BEIJING, March 9 (Xinhuanet) -- The French foreign ministry said Tuesday that Haiti's ex-president Jean-Bertrand Aristide had signed a formal letter of resignation and that a UN assessment team was expected to arrive in Haiti on Tuesday to prepare for a broad UN peacekeeping mission in the Caribbean country.
"Constitutional legality was respected. Jean-Bertrand Aristide resigned. His letter of resignation was formally put into effect,"said Herve Ladsous, spokesman for the French foreign ministry.
Ladsous made these remarks in response to Aristide's call for "peaceful resistance" in Haiti after Supreme Court chief Boniface Alexandre was officially sworn in Monday as Haiti's interim president.
Aristide, who was forced to leave Haiti on Feb. 29 and in exilein Bangui, capital of the Central African Republic, insisted on Monday that he was still Haiti's president.
"I am the elected president and I remain the elected president," Aristide said in his first public appearance in Bangui since arriving, calling his supporters to launch a peaceful resistance in the country.
Alexandre's inauguration on Monday was accompanied by a new wave of looting sweeping the capital Port-au-Prince.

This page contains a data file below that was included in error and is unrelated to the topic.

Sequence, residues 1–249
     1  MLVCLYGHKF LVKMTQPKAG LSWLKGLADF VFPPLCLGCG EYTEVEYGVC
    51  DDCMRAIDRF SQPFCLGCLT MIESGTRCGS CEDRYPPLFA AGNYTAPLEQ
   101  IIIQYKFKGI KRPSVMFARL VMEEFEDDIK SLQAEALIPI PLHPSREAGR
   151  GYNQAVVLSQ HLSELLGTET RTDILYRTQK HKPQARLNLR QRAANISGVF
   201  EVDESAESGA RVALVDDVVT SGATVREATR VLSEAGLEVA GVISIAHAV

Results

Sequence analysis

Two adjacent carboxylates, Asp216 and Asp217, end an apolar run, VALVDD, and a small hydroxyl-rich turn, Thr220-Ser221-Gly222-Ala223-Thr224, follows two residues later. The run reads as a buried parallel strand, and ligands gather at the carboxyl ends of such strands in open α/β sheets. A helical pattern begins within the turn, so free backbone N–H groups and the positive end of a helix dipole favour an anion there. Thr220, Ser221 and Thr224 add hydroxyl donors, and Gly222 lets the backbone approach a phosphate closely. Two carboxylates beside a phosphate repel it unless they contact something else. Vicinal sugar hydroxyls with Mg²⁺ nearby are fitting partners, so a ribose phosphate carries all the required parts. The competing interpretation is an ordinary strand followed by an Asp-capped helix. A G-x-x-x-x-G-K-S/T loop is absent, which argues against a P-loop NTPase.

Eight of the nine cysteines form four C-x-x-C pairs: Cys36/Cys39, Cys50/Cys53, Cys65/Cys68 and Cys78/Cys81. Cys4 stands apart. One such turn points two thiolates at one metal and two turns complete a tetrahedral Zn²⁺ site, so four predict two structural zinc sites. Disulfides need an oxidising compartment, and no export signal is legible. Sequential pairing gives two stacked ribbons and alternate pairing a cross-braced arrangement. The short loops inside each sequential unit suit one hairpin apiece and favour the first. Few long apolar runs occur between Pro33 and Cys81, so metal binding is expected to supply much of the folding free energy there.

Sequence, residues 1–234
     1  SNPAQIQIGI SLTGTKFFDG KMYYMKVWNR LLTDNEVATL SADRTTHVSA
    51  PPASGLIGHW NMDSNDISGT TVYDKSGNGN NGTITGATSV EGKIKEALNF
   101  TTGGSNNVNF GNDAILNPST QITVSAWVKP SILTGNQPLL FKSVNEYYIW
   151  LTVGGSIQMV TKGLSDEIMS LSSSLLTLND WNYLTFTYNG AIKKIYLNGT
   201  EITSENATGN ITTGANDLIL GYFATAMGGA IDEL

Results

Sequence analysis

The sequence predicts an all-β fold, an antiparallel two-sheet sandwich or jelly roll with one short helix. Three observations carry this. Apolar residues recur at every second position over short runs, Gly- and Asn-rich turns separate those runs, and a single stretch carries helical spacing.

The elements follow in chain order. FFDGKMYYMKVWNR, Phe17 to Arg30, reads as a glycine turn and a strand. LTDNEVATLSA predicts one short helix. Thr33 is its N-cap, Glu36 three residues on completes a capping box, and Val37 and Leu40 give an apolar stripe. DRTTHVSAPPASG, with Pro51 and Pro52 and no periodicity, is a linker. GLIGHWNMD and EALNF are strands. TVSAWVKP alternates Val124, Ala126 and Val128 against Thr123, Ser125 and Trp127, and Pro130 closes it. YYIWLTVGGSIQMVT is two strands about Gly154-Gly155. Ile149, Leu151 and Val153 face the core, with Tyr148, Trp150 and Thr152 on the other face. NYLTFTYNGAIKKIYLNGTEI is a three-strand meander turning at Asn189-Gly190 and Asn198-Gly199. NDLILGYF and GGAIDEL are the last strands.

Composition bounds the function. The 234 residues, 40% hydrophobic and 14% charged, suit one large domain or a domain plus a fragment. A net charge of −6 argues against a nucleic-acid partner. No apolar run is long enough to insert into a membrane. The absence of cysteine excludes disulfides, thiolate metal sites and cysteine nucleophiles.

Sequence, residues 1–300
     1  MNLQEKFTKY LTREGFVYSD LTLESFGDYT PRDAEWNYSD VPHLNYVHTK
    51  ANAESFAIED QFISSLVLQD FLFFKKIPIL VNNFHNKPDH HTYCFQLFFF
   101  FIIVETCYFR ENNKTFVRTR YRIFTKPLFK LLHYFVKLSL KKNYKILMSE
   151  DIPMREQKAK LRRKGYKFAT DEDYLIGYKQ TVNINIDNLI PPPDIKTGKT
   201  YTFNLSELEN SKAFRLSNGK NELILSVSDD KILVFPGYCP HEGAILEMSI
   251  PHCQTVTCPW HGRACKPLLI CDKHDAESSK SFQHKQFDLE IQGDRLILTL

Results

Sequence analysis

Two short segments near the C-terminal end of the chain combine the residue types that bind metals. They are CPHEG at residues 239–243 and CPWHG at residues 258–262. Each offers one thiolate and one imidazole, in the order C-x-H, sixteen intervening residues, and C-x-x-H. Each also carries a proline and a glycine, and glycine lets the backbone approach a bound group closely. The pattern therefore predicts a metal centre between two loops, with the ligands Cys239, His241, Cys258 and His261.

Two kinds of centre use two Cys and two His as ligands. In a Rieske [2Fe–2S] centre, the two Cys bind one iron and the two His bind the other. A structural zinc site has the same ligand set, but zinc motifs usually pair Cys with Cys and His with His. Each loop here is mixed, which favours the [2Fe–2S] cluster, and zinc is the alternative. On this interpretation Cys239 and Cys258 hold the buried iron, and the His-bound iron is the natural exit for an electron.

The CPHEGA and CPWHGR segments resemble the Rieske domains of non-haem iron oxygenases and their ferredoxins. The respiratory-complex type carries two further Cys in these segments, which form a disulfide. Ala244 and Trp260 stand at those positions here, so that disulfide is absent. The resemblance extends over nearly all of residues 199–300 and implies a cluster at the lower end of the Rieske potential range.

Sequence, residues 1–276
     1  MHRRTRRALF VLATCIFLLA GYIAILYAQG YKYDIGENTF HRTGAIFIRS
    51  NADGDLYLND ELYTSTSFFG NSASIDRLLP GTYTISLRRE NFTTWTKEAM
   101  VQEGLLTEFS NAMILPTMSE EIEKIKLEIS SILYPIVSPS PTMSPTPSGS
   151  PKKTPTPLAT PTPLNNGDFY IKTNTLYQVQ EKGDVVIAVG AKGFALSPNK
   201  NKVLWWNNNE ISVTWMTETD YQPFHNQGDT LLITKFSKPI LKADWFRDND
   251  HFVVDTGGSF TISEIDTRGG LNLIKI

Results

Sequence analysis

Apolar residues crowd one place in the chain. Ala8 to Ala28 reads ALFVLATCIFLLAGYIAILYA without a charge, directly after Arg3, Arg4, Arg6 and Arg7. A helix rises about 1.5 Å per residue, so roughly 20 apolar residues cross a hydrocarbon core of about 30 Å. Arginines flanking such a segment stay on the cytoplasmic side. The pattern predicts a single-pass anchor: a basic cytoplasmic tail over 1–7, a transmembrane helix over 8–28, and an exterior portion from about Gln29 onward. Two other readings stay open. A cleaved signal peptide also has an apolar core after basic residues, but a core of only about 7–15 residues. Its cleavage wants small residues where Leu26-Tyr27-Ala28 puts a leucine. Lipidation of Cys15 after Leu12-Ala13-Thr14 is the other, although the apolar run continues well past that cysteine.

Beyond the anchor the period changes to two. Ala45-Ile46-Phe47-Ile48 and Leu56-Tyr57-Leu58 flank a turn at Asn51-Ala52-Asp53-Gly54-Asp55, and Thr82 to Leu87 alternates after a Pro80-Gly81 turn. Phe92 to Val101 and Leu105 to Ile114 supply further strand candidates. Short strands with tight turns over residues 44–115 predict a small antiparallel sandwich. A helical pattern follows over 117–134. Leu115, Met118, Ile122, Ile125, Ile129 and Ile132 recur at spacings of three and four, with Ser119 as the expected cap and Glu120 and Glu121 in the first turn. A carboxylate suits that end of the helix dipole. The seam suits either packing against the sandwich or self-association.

In his first presidential speech, Alexandre appealed for "national reconciliation, the establishment of a climate of peace and security for all and an emergency plan to counter hunger and poverty and to improve health."
He also noted that the re-establishment of security and the urgent launch of a humanitarian security plan were his primary objectives.
While the leader was sworn in, a mob looted the industrial parknear Port-au-Prince's airport. Gangs armed with machetes threatened passenger cars and reporters.
In order to help restore stability and security in the turmoiled Caribbean country, a UN assessment team was expected to arrive in Haiti on Tuesday.
UN spokesman Fred Eckhard said the team will prepare for a broad UN peacekeeping mission in Haiti, which was authorized by the UN Security Council in a resolution adopted on March 1 and is expected to be deployed by June 1.
The team will help determine the size and composition of the mission, in terms of troops, police and others, said Eckhard.
Haiti's rebel leader Guy Philippe warned Monday that he will reunite his followers and take up weapons again if the international peacekeepers do not disarm militant loyalists of Jean-Bertrand Aristide.
Philippe was quoted by the Haitian radio station as saying thatSunday's attack, which took place in Haiti's capital city of Port-au-Prince, would not have happened if his men had not been asked to lay down their weapons.
Six people, including a Spanish journalist, were killed when gunmen opened fire at thousands of Haitians celebrating the fall of Aristide outside the National Palace on Sunday. It was the mostserious violence since Aristide was forced to leave Haiti on Feb. 29. Enditem